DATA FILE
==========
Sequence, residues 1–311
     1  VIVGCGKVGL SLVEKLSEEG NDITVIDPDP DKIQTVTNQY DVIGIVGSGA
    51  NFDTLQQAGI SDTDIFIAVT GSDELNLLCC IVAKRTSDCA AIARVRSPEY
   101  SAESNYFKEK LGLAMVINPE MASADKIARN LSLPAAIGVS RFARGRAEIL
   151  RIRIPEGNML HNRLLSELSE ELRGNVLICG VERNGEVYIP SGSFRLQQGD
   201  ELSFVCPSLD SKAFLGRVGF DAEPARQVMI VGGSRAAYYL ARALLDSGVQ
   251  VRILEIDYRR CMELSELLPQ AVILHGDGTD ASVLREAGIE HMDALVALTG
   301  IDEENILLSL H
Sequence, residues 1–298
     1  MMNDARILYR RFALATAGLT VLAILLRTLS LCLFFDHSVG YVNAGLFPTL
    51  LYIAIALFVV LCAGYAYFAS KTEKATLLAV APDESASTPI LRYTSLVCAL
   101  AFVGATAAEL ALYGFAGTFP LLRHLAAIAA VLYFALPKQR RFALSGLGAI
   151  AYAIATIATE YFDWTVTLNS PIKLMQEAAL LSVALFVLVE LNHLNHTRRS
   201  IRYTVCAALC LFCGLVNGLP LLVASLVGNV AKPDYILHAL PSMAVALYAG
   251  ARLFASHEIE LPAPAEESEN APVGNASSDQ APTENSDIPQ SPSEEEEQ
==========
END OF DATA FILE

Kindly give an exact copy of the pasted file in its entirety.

Sequence, residues 1–311
     1  VIVGCGKVGL SLVEKLSEEG NDITVIDPDP DKIQTVTNQY DVIGIVGSGA
    51  NFDTLQQAGI SDTDIFIAVT GSDELNLLCC IVAKRTSDCA AIARVRSPEY
   101  SAESNYFKEK LGLAMVINPE MASADKIARN LSLPAAIGVS RFARGRAEIL
   151  RIRIPEGNML HNRLLSELSE ELRGNVLICG VERNGEVYIP SGSFRLQQGD
   201  ELSFVCPSLD SKAFLGRVGF DAEPARQVMI VGGSRAAYYL ARALLDSGVQ
   251  VRILEIDYRR CMELSELLPQ AVILHGDGTD ASVLREAGIE HMDALVALTG
   301  IDEENILLSL H
Sequence, residues 1–298
     1  MMNDARILYR RFALATAGLT VLAILLRTLS LCLFFDHSVG YVNAGLFPTL
    51  LYIAIALFVV LCAGYAYFAS KTEKATLLAV APDESASTPI LRYTSLVCAL
   101  AFVGATAAEL ALYGFAGTFP LLRHLAAIAA VLYFALPKQR RFALSGLGAI
   151  AYAIATIATE YFDWTVTLNS PIKLMQEAAL LSVALFVLVE LNHLNHTRRS
   201  IRYTVCAALC LFCGLVNGLP LLVASLVGNV AKPDYILHAL PSMAVALYAG
   251  ARLFASHEIE LPAPAEESEN APVGNASSDQ APTENSDIPQ SPSEEEEQ